Parkland shooting: reactions, concerns & improving safety in schools

Educational institutions are supposed to be a safe haven for your kids, but after another school shooting in the united states, some parents are increasingly worried their children’s safety.

Nikolas Cruz, 19, was charged with 17 counts of premeditated murder for opening fire at Marjory Stoneman Douglas High School in Parkland, Florida Wednesday.

Cruz appeared in court Thursday afternoon and was ordered held without bail. He was wearing an orange jumpsuit with his hands cuffed at his waist during the Thursday afternoon hearing. His attorney did not contest the order and had her arm around Cruz during the brief court appearance.

Collier County Public Schools announced Wednesday night they’d increase patrol on campuses across the county, including in private and charter schools.

Collier Sheriff, Superintendent Announce Enhanced Safety PlanWe were deeply saddened to hear the news of the school…

Posted by Collier County Public School District on Wednesday, February 14, 2018

Just last week, Collier County had an incident of their own at Barron Collier High School where a child put out a “Hit list” on social media.

He was expelled.

Most parents we spoke to expressed fear, but some say we need to explain to our kids better the difference between right and wrong.

In Lee County, the sheriff’s office reiterated their safety plan with the school district.

A statement from the Lee County Sheriff’s Office:Sheriff Mike Scott, Undersheriff Carmine Marceno and the entire Lee…

Posted by Lee County Sheriff's Office on Thursday, February 15, 2018

Parents concerned for children’s safety

For many parents, something as normal as dropping their kids off at school didn’t feel right Thursday.

“(They) wanted to stay home today but you know, I told them they just needed to go,” said parent Ramie Hall.

“My main concern is that you drop your child at school but you don’t know if you’re gonna get them back or if anything is going to happen,” said parent┬áLismarie Rivera.

While these parents had the privilege of bringing their children home safe, some Parkland families did not have the chance.

And now parents are pressing for more security at schools. The school district says that is already in the works.

“We’re looking at our safety and security protocols. We accomplish that through drills. We accomplish that through training of all of our staff and our students,” officials said.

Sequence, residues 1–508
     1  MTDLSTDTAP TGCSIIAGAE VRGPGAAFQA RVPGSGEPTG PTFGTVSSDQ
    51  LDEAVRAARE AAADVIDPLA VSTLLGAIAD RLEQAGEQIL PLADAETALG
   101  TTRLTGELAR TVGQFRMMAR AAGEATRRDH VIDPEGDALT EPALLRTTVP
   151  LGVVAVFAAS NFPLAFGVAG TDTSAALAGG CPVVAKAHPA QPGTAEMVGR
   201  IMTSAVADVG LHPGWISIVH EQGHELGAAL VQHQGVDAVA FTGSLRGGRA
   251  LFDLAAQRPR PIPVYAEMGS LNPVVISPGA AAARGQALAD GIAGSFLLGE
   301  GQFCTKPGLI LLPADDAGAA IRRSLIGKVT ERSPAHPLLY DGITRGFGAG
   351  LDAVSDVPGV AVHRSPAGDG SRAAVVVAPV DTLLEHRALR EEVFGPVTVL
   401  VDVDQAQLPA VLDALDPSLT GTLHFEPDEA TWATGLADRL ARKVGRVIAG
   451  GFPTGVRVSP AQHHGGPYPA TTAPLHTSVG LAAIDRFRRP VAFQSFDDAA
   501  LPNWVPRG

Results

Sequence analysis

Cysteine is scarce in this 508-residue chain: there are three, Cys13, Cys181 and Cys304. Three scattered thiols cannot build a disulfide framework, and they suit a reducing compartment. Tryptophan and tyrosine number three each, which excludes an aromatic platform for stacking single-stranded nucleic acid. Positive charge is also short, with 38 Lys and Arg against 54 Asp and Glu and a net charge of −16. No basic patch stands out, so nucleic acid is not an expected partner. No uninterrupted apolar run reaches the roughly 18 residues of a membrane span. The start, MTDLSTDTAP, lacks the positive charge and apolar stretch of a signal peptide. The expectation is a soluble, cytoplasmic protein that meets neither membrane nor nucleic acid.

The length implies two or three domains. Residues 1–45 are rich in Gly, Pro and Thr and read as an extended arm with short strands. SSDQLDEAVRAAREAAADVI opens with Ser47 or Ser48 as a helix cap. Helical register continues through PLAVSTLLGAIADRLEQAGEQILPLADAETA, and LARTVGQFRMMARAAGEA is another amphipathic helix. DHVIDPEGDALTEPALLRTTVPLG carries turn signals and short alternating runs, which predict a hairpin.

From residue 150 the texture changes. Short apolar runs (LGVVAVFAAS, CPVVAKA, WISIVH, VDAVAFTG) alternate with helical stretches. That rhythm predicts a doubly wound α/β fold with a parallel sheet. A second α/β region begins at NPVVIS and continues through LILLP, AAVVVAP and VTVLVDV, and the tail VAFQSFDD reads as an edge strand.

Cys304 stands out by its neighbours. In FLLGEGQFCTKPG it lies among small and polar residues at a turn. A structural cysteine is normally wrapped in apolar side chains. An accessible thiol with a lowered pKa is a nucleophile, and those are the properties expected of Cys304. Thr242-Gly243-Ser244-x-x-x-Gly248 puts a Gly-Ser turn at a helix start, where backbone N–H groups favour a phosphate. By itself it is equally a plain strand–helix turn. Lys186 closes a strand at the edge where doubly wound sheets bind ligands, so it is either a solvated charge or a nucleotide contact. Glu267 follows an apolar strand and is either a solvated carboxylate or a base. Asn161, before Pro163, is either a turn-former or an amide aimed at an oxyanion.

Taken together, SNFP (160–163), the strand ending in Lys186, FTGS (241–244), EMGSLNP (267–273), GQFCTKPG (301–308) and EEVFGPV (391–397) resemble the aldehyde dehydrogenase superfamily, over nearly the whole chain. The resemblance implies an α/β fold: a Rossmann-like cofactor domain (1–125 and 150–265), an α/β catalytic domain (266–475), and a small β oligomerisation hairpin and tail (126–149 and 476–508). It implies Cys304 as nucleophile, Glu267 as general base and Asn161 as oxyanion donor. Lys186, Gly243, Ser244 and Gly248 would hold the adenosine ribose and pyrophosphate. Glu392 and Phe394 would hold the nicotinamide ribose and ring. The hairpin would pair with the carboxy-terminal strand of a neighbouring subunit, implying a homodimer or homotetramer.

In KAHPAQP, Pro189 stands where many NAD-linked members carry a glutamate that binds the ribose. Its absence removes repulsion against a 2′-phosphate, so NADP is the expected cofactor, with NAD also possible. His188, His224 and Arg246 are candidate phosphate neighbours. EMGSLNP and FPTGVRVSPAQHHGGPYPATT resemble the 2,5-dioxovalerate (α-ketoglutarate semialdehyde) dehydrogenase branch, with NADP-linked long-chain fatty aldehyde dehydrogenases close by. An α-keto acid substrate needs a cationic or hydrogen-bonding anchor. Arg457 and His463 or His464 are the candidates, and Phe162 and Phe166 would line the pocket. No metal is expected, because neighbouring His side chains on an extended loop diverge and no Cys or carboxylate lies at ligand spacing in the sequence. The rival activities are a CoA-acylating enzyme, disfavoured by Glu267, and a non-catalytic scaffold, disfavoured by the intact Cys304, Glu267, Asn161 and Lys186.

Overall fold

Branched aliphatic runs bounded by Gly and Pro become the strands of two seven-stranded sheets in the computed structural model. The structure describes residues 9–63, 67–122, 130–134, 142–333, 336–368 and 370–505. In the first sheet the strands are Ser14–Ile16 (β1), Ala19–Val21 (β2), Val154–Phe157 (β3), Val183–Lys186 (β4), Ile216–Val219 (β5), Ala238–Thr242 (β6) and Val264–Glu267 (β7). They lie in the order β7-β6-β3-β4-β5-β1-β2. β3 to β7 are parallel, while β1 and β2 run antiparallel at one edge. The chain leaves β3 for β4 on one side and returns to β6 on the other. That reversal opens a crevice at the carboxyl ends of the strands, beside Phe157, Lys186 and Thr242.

The district also said fitting safety and security technology into their budget is a must.

“I don’t think it will ever be enough because if a guy wants to kill someone, he’ll kill the security guard and just keep on going,” Rivera said.

Cape Coral charter schools have already planned new training sessions this month. The Lee County school district is also looking to bring in a joint presence of both Lee County deputies and Fort Myers police at some schools.

Remembering the lives taken too soon

“I heard one gunshot. Nobody really thought anything of it. Then I heard two more,” said 10th grade student Sophia Rodriguez.

As the magnitude of what happened at their school starts to set in, emotions are running high.

Rodriguez says she ran as fast as she could away from the shots. Her friend, 11th grade student Camila Padilla, hid in the auditorium with about 50 other students and teachers.

Padilla’s parents got a chilling text from their daughter that said, “There’s a shooter”, something no parent ever wants to read.

On Thursday, hundreds of people came together at Parkridge Church to hold hands and pray for the 17 victims and their families, remembering lives taken too soon.

Senior Taylor Thompson knew 4 of the 17 people killed.

“I mean, the people who were killed, they weren’t malicious people. They were innocent, nice kids,” Thompson said.

But beyond that, she says she knew the person behind the gun too.

“I knew Nikolas Cruz. I had him in a class last year and I knew something wasn’t right with him,” she said.

Now students, parents and teachers have one message for everyone else.

“Cherish what you have because tomorrow it might be gone.”

Charlotte County schools prepare for the worst

Parent’s say their child’s safety is always their concern. And for Charlotte County Schools, security is a top priority.

“After 38 years in this, our role used to be the most important thing was reading, writing and arithmetic and today the most thing is the safety of that child and our staff at a school,” said Mike Riley, Charlotte County Schools Spokesman.

Schools leaders are willing to make changes if needed.

Riley said, “We’re open to new ideas and suggestions. Like I say we work closely with law enforcement on that. If someone has an answer on how to stop that, we’re open to it.”

The district wants parents to know there are already a number of security measures in place.

“We have a system, you know, to check into the school where a person has to display their drivers license so a stranger just cant walk into school and walk around.” he said.

Armed school resource officers are also stationed on every campus, and students so “Code red” active shooter drills twice a year.”

While some parents say it’s time to install metal detectors or search students bags, others say they don’t think that’s the right move.

But even with all the security measures in place parents and school officials say they know there’s only so much they can do.

If someone is willing to sacrifice their life to do harm, it’s almost impossible to stop them.

CBS News contributed to this report

Olivia Mancino
Taylor Bisacky